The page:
14. The Challenge
Release date: Nov. 25, 2003
Biggest supporting star: Theo Rossi, aka Juice from Sons of Anarchy, plays a competitor on Team Mayan with the twins.
Fashion takeaway: Carved charms on brown rope are the perfect bohemian necklace.
Why it’s No. 14: It’s no coincidence that Mary-Kate and Ashley Olsen’s last direct-to-video production The Challenge shares a name with what has become MTV’s long-standing reality series. The movie centers on vegetarian nature lover Shane (Mary-Kate) and her estranged type-A twin Lizzie (Ashley) who are cast on a Survivor-like reality show for ratings. Really, at this point in time, the last thing the world needed was more on-a-desert-island reality TV fare. And, of course, like with all Olsen twins movies, there are romance issues, but this one takes the cake. At the end of the movie, all of the twins’ on-screen boyfriends from previous movies show up and start arguing. Too much. No thank you. —JE
13. New York Minute
Release date: May 7, 2004
Biggest supporting star: Jared Padalecki, aka good boy-next-store Dean on Gilmore Girls, is the hot guy the girls crush on.
Fashion takeaway: Pink hair.
Why it’s No. 13: The wardrobe was really perfection. But that was about it. —EO
12. Getting There
Release date: June 11, 2002
Biggest supporting star: Shelley Malil, the 40-Year-Old Virgin actor who was sentenced to life in prison for attempted murder after stabbing his ex-girlfriend 23 times. He plays a Las Vegas Elvis impersonator named Raj who officiates weddings.
Fashion takeaway: Hats are necessary when you want to drive in a convertible.
Why it’s No. 12: Ten years after their first movie, things really started to take a dive with the Olsen twin films. I am 99% sure this was the first movie of theirs I owned on DVD and that worked out well because fast-forwarding went A LOT faster. Getting There — subtitled Sweet 16 and Licensed to Drive — followed Kylie (Mary-Kate) and Taylor (Ashley) as they drove with their friends in their new Ford Mustang to Salt Lake City for the 2002 Winter Olympics. By the time this movie came out, I was tired, they were tired, and it just fell flat. —JE
11. How The West Was Fun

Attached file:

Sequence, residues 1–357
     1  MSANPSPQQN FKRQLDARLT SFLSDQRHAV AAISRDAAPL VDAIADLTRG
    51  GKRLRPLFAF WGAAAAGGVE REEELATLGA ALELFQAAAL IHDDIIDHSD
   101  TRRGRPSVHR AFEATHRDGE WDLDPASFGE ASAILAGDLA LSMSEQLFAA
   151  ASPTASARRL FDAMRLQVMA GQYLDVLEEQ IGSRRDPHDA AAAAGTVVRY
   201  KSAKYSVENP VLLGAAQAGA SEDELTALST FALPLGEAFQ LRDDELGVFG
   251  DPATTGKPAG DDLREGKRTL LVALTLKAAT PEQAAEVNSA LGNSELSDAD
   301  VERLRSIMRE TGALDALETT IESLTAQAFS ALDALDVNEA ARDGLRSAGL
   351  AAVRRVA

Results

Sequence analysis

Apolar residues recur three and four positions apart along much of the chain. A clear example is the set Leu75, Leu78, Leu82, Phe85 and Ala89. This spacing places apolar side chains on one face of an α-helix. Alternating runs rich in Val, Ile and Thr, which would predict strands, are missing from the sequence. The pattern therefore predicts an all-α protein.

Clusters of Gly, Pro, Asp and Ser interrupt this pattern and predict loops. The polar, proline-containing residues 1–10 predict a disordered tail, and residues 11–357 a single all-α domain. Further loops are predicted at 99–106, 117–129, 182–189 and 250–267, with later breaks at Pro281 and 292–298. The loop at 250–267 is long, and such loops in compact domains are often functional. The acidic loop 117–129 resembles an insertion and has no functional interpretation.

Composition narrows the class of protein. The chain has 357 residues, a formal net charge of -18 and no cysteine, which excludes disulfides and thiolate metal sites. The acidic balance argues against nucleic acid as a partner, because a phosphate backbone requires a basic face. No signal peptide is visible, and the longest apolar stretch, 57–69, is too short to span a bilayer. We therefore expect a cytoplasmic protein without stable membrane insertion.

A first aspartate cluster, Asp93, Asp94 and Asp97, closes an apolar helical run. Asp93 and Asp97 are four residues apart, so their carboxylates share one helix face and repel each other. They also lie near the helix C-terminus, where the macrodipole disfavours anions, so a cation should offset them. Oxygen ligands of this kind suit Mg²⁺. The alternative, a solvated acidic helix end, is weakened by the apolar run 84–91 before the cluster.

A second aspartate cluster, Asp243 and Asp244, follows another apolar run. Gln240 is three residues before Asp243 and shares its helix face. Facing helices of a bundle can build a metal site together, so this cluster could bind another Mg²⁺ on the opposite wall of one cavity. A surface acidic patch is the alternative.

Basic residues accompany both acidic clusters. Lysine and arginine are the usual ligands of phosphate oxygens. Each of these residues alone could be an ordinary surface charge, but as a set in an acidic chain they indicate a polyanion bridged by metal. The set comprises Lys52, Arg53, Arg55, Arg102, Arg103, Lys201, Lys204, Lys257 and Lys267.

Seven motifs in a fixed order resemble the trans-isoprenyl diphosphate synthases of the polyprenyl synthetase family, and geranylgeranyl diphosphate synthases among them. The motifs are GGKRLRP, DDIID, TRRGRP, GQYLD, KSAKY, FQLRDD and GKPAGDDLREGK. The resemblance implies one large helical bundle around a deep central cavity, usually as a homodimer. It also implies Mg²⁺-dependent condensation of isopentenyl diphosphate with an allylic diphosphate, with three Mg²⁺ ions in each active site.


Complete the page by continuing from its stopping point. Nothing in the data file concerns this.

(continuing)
Release date: Nov. 19, 1994
Biggest supporting star: Martin Mull, who is best known as Leon from Roseanne, plays Bart the jerk!
Fashion takeaway: Denim on denim.
Why it’s No. 11: When twins Susie (Mary-Kate) and Jessica (Ashley) accidentally get their father fired by trying to convince his boss he needs a vacation, they head with their clueless father to their granny’s ranch in hopes of reviving the struggling land and creating a new life there. But Susie and Jessica encounter more troubles when they meet Bart (a mean, mean man who retroactively haunted their dreams) and have to convince granny that Bart is trying to sabotage the ranch and sell it. The “kid(s) takes on the bad guy” plot line was done four years earlier and more cleverly by Home Alone. But the saving grace for this film was when the twins, in a moment of desperation, chose horseback as their means of transportation from the ranch to New York City. —EO
10. Switching Goals
Release date: Dec. 12, 1999
Biggest supporting star: A young Michael Cera!
Fashion takeaway: Bandana headbands.
Why it’s No. 10: Sam (Mary-Kate) is the tomboy sister, Emma (Ashley) is the girly sister (DUH!) When they’re picked for opposite soccer teams — one is terrible and one is coached by their father — they switch places so Emma can get better and Sam doesn’t have to worry about their father’s tough lessons. But of course, they get caught in the act and they both grow, on the field and in life, from the experience. Though this was a better portrayal of two very opposite twins than New York Minute, besides the whole “switching identities,” we know the twins are capable of — and great at — stirring up some trouble. —EO
9. When In Rome
Release date: Nov. 26, 2002
Biggest supporting star: No one, really. They were slacking.
Fashion takeaway: Jean jackets look FANTASTIC with florals.
Why it’s No. 9: I will not tell a lie: The 2010 movie of the same name starring Kristen Bell and Josh Duhamel is superior to this Olsen twins film from the end of their straight-to-video career. Besides the fact that they have perhaps their best movie names ever — Charli (Mary-Kate) and Leile (Ashley) — (and the added detail, of interest only to me, that there is a Jamie from New Jersey) this movie really has very little to offer. —JE
8. Winning London
Release date: March 27, 2001
Biggest supporting star: Jesse Spencer plays Lord James Browning Jr., another attractive boy that the sisters admire fondly.
Fashion takeaway: A trench coat completes any outfit.
Why it’s No. 8: Sisters Chloe (Mary-Kate) and Riley (Ashley) head to London to compete in a Model U.N. competition. But when the country they have prepared to discuss is selected by another team, they must scramble to learn everything they can about the United Kingdom (and the boys that live within its borders). The twins are always better together, and virtually shopping around London with these fashion icons didn’t suck either. —EO
7. Our Lips Are Sealed
Release date: Nov. 21, 2000
Biggest supporting star: Willie Garson, aka Stanford Blatch, as an FBI agent who is tasked with placing the twins and their family after they blow their Witness Protection Program identities over and over again.
Fashion takeaway: An Australian accent looks good on everybody. As do butterfly clips.